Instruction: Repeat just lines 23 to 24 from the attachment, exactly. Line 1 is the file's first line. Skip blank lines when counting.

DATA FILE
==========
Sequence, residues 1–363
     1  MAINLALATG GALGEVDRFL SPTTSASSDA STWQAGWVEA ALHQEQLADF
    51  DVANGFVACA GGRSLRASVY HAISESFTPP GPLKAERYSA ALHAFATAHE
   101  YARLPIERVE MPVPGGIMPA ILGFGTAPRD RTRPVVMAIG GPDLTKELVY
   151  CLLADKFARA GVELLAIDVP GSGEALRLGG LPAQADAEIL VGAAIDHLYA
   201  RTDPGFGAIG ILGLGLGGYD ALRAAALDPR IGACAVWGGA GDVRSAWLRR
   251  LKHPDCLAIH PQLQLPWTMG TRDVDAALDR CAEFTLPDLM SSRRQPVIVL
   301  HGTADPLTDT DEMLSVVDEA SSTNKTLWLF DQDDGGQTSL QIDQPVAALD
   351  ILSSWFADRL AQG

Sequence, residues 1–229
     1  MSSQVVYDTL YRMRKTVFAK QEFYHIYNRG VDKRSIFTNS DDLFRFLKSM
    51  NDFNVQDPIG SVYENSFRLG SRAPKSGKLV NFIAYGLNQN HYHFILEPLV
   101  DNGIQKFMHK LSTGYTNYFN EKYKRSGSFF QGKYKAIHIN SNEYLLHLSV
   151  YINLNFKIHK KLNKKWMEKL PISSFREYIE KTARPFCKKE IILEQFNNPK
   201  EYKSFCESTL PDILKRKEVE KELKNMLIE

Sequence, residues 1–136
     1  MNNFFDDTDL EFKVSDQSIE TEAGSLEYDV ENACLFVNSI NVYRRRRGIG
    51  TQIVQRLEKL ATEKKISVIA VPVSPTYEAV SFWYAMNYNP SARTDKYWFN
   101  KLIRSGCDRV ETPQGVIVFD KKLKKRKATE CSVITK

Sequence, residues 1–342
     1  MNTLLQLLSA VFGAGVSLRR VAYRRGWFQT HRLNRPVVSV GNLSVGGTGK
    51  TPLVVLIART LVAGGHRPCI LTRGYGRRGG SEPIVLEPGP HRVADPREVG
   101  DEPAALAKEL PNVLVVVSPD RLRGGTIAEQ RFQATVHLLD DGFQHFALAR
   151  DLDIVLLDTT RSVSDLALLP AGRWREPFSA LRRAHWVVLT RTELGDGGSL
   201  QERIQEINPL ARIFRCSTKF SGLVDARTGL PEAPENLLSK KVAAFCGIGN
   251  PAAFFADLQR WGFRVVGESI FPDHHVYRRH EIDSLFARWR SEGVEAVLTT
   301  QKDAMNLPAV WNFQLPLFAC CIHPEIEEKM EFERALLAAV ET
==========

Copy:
   101  DEPAALAKEL PNVLVVVSPD RLRGGTIAEQ RFQATVHLLD DGFQHFALAR
   151  DLDIVLLDTT RSVSDLALLP AGRWREPFSA LRRAHWVVLT RTELGDGGSL